Tuesday, January 31, 2006

some adbhaice on garlls

Long ago in the hallowed portals of a certain hostel of a certain IIT, dwelt an unremarkable little man called bongu. his name belies the part of india that he came from, but a post describing the remarkable qualities of his ilk does not belong here. bongu-da was a pretty average man, albeit with something in his credentials that few IITians have - an ex-garllphrend. in the process that resulted in her being an ex, she was the dumper and he was the dumpee. however, since bongu-da was one of the few who had any exposure to the female of the species, all of us turned to him in matters concerning them.

"Hum tumko ek adbhaice deta hai", bongu-da told us once, sequentially sipping on chai from a glass and puffing on a 'chhota gold-flake'. "Iph you laaike a garll, nebher be nice to har. (no, not you, Har) It never pays"

For long we followed his advice. If a girl smiled, we scowled, hoping to create an impression. If she changed hairstyles we went and told her it looked weird. If she wore a nice dress, we asked her if she had bought it at a used-clothes sale. Eventually we realized the folly of our ways and learnt to be a decent human being (do i hear sniggers?). Whether or not it has made a difference is another thing altogether, and, in order to maintain the focus of this post, I will not dwell upon it.

Recently, a mail sent to someone i know, purportedly asking her out, was brought to my notice. In the interests of propriety, i am not going to include the original mail here. I could have tried to capture the spirit of the mail but any recreation would have been a shadow of the original. It should suffice to say here that the person sending the mail seemed to be a follower of bongu.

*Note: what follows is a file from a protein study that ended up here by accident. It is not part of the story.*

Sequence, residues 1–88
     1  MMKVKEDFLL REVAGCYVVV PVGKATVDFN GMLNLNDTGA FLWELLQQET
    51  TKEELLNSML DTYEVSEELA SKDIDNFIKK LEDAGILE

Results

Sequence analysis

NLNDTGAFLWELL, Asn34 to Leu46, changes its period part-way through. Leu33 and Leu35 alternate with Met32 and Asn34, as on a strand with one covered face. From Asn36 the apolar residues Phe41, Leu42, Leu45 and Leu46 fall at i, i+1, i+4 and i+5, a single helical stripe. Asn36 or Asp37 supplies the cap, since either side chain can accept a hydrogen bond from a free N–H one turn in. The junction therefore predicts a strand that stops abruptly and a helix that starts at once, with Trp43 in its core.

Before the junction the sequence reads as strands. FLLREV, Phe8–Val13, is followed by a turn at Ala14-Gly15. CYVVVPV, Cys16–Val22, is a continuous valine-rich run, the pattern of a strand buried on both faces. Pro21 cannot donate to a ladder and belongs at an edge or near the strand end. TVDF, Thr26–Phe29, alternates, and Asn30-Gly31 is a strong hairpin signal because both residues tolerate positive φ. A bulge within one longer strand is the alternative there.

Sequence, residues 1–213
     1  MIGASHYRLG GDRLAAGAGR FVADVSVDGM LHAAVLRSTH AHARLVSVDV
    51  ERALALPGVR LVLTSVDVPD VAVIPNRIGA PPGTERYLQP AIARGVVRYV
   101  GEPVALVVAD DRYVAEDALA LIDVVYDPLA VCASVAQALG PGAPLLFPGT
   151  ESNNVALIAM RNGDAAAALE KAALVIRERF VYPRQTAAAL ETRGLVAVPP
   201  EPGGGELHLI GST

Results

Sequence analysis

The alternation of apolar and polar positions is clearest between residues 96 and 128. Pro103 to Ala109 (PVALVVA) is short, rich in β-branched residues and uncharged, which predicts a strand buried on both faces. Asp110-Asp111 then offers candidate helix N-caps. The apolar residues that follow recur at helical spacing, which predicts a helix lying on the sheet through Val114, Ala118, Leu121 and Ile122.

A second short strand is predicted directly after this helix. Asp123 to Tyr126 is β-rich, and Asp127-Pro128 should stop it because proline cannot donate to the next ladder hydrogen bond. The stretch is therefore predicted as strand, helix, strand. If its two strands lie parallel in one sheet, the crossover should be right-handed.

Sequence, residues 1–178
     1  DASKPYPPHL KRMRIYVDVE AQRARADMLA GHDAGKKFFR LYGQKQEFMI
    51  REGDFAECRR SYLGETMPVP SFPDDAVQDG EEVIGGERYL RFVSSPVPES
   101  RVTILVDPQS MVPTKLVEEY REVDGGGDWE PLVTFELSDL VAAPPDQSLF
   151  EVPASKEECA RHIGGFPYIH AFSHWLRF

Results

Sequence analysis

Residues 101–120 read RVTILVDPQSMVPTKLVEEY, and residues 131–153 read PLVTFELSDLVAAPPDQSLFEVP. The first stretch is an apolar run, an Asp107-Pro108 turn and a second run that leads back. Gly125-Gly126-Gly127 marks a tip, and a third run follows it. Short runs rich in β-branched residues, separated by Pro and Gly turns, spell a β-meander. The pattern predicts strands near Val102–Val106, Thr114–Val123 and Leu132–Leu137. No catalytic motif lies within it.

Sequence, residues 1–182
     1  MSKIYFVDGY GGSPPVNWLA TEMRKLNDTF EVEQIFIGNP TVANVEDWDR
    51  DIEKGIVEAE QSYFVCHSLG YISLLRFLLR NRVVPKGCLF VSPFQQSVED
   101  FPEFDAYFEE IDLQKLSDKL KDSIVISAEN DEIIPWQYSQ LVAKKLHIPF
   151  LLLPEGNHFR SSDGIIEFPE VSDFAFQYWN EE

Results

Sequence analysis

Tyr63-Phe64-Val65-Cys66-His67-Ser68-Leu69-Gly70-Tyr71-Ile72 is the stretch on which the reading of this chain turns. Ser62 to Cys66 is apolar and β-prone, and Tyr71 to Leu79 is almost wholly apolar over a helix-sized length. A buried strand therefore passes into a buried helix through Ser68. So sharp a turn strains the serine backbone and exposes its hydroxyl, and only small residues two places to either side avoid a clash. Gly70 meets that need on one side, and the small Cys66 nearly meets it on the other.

Drawing inspiration from the mail, and wishing to push the frontiers of human knowledge a wee bit further, we conducted a little survey - a sting operation, so to speak, and sent emails to thirty female bloggers. There are different flavors of not-so-niceness here. The responses follow in the next post.

1. Mr. Hindi medium (not-that-there's-anything-wrong-with-that).

Dear Ms. XYZ,
Myself, ABC. I am reading your blog. You are living in (insert city)? I am very much wanting to meet you. I am (insert degree here) in (insert topic here) and am working in (insert company here). But I am not liking that you are talking about s3*. woman should not be open about things like this. It is not our culture. When is your earliest convenience, so that we can meet?
Your's sincerely,

2. I'm so cool (but actually desperate)

Hey XYZ:
What do the next few days look like! was wondering if we could meet.. I don't particularly care about this, but i made a new year resolution to speak my mind, and i would like to catch up with ya. i wanna know what ya think. i'm not a crazy man. heh heh heh. talk to ya laterzz.

3. The compulsive counsellor

I went through your blog. Rather concerned about you. I think you have some severe psychological issues. Email me back here if you want someone who understands.

4. wren and martin ki naajaayaz aulaad

Dear XYZ,
Although I might concede that you have an interesting web-log and that your thoughts may be considered somewhat intelligent, you will have to admit that it is ridden with grammatical mistakes of every manner. Take your spelling, for instance - (insert typo here) should have been spelt (insert correct spelling). In addition to that, the fact that your sentence construction is often flawed is of much concern to me.
Nevertheless, I would be quite interested in being acquainted with you, and, since we share the same city, I propose that we arrange a meeting. Please let me know of a suitable time.

Lastly, an email that was nice, but full of annoying sms-speak.

5. Mr. Luv4u